For more than a decade, whenever hope seemed lost or we needed some kind of magic at the zero hour, David Ortiz has been the go-to guy with a capital G. I’ve honestly lost count of the many times he’s pulled our asses from the fire, but his propensity for doing it on the big stage is unrivaled in the franchise’s history. Down three games to none in the 2004 ALCS against the Yankees? Fine, here’s some walk-off magic. Detroit Tigers tryna go up 2 games to none on our asses in the 2013 ALCS? Not on my watch. Hell, if Grady Little didn’t screw up game 7 of the 2003 ALCS, Ortiz’s mammoth home run off David Wells would still be remembered as the final nail in New York’s coffin.

Perhaps more significant is what he’s done off the field, becoming a local guardian of all things right and proper with the world, a point accentuated by his now-classic post-Marathon bombing oration at Fenway Park, where he dropped the world’s most family-friendly F-bomb.

Seriously, is there ever a reason to stop watching it? Is there any shitty, wind chill on your neck, ice water in your boots day that can’t be somewhat saved by teleporting yourself back to the moment that Big Papi threw us all on his back and set this city’s collective nerves at ease?

The answer is no. And the enormity of what David Ortiz has done for this city, coupled with the big man’s big pride, puts me in the minority of folks who believe that despite what he says, The Large Father isn’t 100 percent sold on this whole retirement idea.

Dig if you will, for a moment, the most typical reasons sports figures retire, and how none of them seem to apply to Ortiz:

“I just can’t play the game like I used to.” As of this morning, Ortiz leads the team with 11 home runs, 37 RBIs, a .684 slugging percentage and a 1.092 OPS and. If it wasn’t for the world’s most criminally unfair bounce, The Old Man would have become just the 21st Red Sox player to hit for the cycle. So, no.

“I want to spend more time with my kids.” On any given day at Fenway, I see D’Angelo Ortiz milling around the place more than most players. He’s almost always on field for batting practice, seems to have an all-access pass to the clubhouse and co-hosts that kids’ show on NESN. For Ortiz, it’s been “bring your kids to work day” for the better chunk of his career in Boston. Hell, I’d argue that in retirement, he might see his kids less.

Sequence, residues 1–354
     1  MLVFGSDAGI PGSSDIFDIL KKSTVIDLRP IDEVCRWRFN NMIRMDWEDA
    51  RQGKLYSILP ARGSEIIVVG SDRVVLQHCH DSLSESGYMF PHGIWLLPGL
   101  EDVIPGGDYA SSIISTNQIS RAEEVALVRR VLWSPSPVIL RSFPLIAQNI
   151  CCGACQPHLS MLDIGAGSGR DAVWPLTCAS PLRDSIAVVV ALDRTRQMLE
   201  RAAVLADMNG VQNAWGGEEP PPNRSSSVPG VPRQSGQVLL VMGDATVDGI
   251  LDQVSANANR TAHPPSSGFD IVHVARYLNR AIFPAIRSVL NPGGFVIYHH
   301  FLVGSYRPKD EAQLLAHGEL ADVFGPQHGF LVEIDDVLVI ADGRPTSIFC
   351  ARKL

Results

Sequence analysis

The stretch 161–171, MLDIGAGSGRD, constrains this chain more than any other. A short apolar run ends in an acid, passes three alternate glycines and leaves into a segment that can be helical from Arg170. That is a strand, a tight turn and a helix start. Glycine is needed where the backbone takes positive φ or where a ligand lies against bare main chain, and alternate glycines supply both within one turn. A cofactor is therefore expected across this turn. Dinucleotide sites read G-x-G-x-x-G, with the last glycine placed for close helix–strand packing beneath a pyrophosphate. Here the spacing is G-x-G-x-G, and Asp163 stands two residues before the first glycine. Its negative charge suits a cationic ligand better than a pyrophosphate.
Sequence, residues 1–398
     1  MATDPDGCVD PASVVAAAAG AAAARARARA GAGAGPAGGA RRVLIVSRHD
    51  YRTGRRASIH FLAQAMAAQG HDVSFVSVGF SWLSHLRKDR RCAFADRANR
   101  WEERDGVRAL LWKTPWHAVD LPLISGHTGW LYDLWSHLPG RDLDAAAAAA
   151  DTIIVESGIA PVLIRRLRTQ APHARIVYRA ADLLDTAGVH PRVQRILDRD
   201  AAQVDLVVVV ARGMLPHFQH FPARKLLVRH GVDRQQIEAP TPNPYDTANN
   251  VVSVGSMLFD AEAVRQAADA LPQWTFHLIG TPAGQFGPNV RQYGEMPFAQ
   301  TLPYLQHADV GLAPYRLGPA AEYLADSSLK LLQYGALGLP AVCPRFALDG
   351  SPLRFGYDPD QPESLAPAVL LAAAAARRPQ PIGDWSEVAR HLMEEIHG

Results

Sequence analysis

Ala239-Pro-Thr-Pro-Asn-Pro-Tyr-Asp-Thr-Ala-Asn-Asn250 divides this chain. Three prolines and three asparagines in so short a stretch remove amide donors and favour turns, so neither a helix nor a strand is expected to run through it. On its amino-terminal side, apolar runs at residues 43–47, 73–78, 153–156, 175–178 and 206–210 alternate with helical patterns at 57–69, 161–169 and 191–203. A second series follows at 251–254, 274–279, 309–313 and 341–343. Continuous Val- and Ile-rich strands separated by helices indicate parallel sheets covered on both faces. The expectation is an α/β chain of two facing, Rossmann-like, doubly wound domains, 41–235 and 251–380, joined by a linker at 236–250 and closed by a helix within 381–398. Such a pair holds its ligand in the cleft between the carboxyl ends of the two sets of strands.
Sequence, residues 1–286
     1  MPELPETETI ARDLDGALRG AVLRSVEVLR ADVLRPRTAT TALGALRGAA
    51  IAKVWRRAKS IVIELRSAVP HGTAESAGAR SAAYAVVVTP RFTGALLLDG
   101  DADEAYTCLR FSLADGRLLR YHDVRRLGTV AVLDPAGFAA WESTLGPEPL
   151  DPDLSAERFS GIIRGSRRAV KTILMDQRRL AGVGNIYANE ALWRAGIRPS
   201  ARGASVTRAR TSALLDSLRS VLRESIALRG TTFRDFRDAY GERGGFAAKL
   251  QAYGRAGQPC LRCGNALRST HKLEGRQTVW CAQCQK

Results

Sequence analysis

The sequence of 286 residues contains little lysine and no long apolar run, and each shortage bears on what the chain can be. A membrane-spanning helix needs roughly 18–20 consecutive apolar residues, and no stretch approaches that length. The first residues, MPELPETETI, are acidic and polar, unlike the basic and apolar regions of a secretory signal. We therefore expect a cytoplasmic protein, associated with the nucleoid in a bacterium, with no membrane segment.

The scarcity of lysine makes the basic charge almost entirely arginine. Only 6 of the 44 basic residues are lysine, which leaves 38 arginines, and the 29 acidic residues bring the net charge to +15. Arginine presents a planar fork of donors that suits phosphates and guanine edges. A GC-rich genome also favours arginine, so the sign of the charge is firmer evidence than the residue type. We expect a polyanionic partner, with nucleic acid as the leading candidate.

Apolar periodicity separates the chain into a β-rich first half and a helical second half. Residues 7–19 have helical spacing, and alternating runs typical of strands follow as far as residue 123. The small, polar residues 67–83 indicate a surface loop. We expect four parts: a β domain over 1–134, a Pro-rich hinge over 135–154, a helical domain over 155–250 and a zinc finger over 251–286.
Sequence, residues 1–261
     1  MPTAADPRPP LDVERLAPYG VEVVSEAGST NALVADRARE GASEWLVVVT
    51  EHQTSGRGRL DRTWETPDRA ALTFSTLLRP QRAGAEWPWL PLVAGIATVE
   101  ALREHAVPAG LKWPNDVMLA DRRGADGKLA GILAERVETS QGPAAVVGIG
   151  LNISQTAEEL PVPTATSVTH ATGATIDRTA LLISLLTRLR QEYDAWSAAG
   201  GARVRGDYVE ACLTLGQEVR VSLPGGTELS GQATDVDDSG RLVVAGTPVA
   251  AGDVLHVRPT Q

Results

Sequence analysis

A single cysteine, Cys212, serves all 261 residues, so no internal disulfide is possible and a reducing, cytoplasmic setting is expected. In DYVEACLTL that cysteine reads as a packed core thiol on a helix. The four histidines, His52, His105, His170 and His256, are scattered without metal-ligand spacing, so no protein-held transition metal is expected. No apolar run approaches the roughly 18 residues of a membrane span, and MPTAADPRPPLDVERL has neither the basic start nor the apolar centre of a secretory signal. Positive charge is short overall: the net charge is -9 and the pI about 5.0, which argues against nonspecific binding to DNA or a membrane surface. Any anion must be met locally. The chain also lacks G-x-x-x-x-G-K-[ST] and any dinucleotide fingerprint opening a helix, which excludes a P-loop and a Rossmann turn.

“I’ve achieved everything I can in a baseball uniform.” In many ways, this is true. Ortiz was a catalyst in breaking the curse and winning the 2004 World Series. He’s shattered record after record and has his legend sits in the same rarefied air as Yaz and Ted Williams. But, as mentioned earlier, the man has an ego. And when you talk about the single biggest sports figure in Boston, the argument typically comes down to Ortiz and Tom Brady. The difference? Brady has four rings, Ortiz has three. Maybe not a big deal to laypersons like us. But to Ortiz, I have a feeling it means a lot. He wants that fourth ring.

“I want to go out on top.” His team spent the last two years in the cellar. This year’s edition shows more promise, but as presently constructed (ie, with question marks across the rotation), they could very well find themselves out in the first round of any playoff series. One more year brings one more chance at that ring.

“I’ve earned enough money.” To a guy like me, who gets excited when that dollar bill I had in my wallet turns out to be a fiver, it’s hard to imagine millionaire athletes wanting for anything once they’re set for life six times over. But I have a feeling that once you’ve got one helicopter, you may start wishing you had another just for the weekends.

From another perspective, there’s nothing wrong with just flat-out admitting that we need him. That his propensity for the dramatic and uncanny ability to come through in the clutch make us a better team. Just as if you’re betting on the next Red Sox game, you only bet at the most reputable betting sites such as these, if you’re building a better Red Sox team, you have to start with David Ortiz.

The way my uneducated mind sees it, Ortiz is looking for a reason to put off retirement for one more year. So here’s the suggestion, Red Sox Ownership: Offer Ortiz the house, the car, the boat and the moon. Fill a dozen armored cars with cash and circle his swanky Weston estate. Send a line of 514 BU sorority girls, each carrying a briefcase full of money, to his clubhouse locker.

Whether or not the man will take it is irrelevant. The best player on the team, the biggest name in franchise history, the guy without whom at least two of our last three World Series titles don’t happen and the veritable face of the Boston Red Sox is threatening to call it quits. You need to show that you at least made an unprecedented effort to change his mind.